Posted: May 15, 2018 | Legal Advice
On many occasions, as an independent cost consultant, I receive phone calls or emails from legal firms asking to retain my firm as a provider of cost opinions regarding their particular case or issue.
Posted: March 22, 2018 | Legal Advice
Often the first contract in a construction project is the contract between the ultimate owner of the project and the lead design professional – the architect or engineer – which sets the foundation for the entire project. Architects and engineers often suggest their preferred contract be based on an industry standard contract that becomes a legally-binding plan. That might not be the best contract for an owner. Before signing a contract, consider carefully some fundamental questions.
Posted: December 20, 2017 | Legal Advice
As architects and engineers we all do our utmost to carry out faithfully the terms and conditions of the professional service agreements we enter into. We all strive to do our very best professional work, but occasionally the physical or administrative results as perceived by our clients are not completely acceptable.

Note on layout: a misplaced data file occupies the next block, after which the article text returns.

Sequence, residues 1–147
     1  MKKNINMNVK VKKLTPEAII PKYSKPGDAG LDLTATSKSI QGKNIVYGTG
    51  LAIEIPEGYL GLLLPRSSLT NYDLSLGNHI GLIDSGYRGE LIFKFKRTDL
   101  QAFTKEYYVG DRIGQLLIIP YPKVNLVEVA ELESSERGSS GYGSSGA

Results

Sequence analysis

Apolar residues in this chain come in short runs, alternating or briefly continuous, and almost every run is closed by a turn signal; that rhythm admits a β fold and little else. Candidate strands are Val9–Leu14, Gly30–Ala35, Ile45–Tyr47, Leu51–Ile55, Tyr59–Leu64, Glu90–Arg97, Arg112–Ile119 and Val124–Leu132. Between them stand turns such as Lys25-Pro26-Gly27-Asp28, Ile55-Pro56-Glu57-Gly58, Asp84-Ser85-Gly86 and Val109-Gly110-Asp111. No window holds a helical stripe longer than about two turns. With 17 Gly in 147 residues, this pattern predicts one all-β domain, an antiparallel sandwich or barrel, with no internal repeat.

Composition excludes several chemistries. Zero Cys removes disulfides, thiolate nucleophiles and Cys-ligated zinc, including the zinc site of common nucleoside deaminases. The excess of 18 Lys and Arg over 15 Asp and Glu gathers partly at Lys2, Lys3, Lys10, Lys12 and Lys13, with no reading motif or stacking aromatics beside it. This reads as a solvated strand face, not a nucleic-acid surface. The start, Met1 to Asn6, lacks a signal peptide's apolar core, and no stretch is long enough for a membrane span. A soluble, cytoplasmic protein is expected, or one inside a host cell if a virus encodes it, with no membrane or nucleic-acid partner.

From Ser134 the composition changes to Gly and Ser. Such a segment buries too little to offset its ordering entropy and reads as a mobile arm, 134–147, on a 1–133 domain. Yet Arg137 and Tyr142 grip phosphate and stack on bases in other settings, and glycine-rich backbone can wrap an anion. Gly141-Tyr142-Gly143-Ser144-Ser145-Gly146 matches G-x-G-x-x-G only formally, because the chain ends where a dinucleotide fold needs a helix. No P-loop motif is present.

LEGALLY SPEAKING: Differing Site Conditions: Court Affirms Contractor’s Reliance on Owner-Provided Geotech Information
Posted: August 24, 2016 | Legal Advice
A recent opinion from the United States Court of Appeals for the Federal Circuit adds further support for contractors' reliance on owner-provided geotechnical data. The decision dealt, in part, with the Differing Site Conditions clause in the federal contract. Since many other standard contracts employ similar language in their Differing Site Condition clause, the decision may have some impact beyond federal contracts.
Posted: January 28, 2016 | Legal Advice
The lowest rung on the management ladder for most contractors is the superintendent. While residing on the lowest rung on the management ladder, the position is one of critical importance to profitability and repeat business. The superintendent's performance results in an on time, on budget project, or a loss. Due to their importance, many contractors pay superintendents even when they do not have an active project, are not working, and provide them with company-owned trucks. When working, superintendents work long hours and are not paid overtime.